In, “What is to be Done?” Rothbard argues that our objective is to “advance our principals—to spread libertarian-individualist thought… among the people and to spread its policies in the political arena.” The liberty movement has two main objectives: “boots on the ground” action and creating and disseminating propaganda. The propagandist wing of the liberty movement currently resembles a book club, albeit a large and decentralized book club. Currently the movement pushes forward with enough energy that even the layman not usually inclined to read is motivated enough to do so, however, we should not bet on this continuing. The book club model works fine for now, but it is essential that the propagandist wing further develops blogs and forums focused on different aspects of the liberal project, and particularly develops a means by which a layman may be exposed to increasingly radical ideas.
The two objectives of action and propaganda compliment each other. The better someone understands libertarian philosophy the more likely they will be to engage in action in support of liberty. At the same time, creative agitation can create opportunities for studying tactics, refining propaganda, and can be excellent opportunities to recommend propagandist literature and sites to others.
The many in the propagandist wing of the “Hard-core cadre” that existed in the Ron Paul campaign were quite content with recommending books to each other and reading recommended books, and, because of the Mises Institute, many of these books were available free of charge. This, I believe, set the tone for the hard-core cadre. In arguments books would be recommended and they would be read. If someone was beginning to have certain doubts about some aspect of the state they’d ask someone if there was already a discussion of the particular problem. Recently a good minarchist friend of mine told me he was having doubts about democracy and I recommended “Democracy: The God that Failed” and “For a New Liberty.” Recommending books is an extremely effective way of converting the hard-core cadre to more radical positions.
Unfortunately today many laymen receive a considerable amount of indoctrination from some people whom many in the hard-core cadre suspect of attempting to co-opt the movement and nudge it in a statist direction. While this is a challenge, in the short-term these groups and people are helping to radicalize many laymen relative to where they were in 2008. For now, many of these groups are also using the book club strategy, one of them successfully brought “The Road to Serfdom” to many best-sellers lists. Whether or not these non-hardcore groups are actively trying to shift the movement in a statist direction, it seems certain that they will not propagandize certain radical positions.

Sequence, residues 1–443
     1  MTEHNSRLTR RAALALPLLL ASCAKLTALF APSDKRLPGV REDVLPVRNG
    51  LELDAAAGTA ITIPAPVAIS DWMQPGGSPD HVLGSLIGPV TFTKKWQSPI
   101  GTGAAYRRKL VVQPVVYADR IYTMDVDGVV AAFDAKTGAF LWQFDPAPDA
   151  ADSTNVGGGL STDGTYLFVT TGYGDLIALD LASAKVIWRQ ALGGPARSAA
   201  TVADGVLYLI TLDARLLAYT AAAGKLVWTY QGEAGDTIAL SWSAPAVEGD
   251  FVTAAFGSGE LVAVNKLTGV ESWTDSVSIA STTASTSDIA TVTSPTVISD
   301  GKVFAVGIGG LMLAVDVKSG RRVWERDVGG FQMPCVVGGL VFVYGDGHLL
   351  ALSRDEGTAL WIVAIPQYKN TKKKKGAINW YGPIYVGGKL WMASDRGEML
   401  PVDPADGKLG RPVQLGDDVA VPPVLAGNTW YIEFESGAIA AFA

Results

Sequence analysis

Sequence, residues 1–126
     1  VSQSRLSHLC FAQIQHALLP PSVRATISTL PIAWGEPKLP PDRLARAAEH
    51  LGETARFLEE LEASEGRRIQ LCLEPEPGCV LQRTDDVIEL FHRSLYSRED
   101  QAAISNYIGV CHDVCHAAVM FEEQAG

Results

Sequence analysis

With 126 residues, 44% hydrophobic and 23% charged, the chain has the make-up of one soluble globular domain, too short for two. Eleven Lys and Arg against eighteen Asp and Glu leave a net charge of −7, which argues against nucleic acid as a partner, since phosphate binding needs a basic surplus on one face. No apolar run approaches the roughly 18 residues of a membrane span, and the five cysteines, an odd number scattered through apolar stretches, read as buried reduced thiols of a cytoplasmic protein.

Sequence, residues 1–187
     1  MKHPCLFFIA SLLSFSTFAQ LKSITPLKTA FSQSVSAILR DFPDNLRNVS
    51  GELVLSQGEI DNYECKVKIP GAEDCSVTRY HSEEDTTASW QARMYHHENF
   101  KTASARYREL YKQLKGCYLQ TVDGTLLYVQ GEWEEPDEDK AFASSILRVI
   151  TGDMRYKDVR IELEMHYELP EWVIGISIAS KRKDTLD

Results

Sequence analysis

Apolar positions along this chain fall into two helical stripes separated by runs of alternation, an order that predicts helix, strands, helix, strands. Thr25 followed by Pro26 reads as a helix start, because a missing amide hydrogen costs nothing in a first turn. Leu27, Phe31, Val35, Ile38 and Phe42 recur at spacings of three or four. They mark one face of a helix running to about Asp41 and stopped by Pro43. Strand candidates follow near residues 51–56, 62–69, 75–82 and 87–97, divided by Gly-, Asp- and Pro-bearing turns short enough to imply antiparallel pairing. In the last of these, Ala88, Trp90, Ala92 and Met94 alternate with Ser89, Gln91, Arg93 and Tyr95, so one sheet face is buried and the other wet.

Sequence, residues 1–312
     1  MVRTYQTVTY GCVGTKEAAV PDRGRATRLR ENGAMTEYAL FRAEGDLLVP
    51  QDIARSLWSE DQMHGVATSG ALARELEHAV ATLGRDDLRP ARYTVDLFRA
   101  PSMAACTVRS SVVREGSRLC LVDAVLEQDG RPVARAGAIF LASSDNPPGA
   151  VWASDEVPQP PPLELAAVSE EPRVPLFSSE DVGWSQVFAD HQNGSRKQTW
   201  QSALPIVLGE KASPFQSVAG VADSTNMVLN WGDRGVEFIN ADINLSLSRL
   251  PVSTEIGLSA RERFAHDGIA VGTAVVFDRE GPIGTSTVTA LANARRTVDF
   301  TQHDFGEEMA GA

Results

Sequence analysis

We therefore have three main challenges when trying to radicalize the layman: First, we have to reach out to them and expose them to more radical ideas, second, we must make sure those ideas are “Respectable” to the layman or else we will not convince, and third, as enthusiasm wanes the layman’s subjective valuation of reading whole books will likely decrease. To counteract this the hard-core cadre must continue to supply a stream of anti-state articles while expanding low-cost options for learning about liberty, like radio shows and videos. It may also be advisable to create new groups focused on some issue, arguing their position from a pro-liberty standpoint. (For instance, gay rights groups arguing the state should not have anything to do with adoption or marriage and pro-immigration groups arguing that people should be allowed to live wherever they please.) These groups would be able to attend events and attract people that would usually ignore, or never even be exposed to the hard-core cadre’s message.
The propagandist wing of the liberty movement has done a fantastic job of spreading the message of liberty. Because of this success, some groups have attempted to co-opt the message and move it in a statist direction. To counter-act this it is essential for the hard-core cadre of the propagandist wing to continue to engage laymen and expose them to more radical ideas. While doing this it must be done in a way palatable to the layman. As enthusiasm wanes it will also be necessary to expand the offerings of pro-liberty media. It would also be advisable to create groups focused on some issue in order to attract new people to the liberty movement. Fortunately many of these things are already in the works. We have made substantial headway in the past three years developing a strong, motivated center. It’s time to leverage this organization to get the radical message to the layman.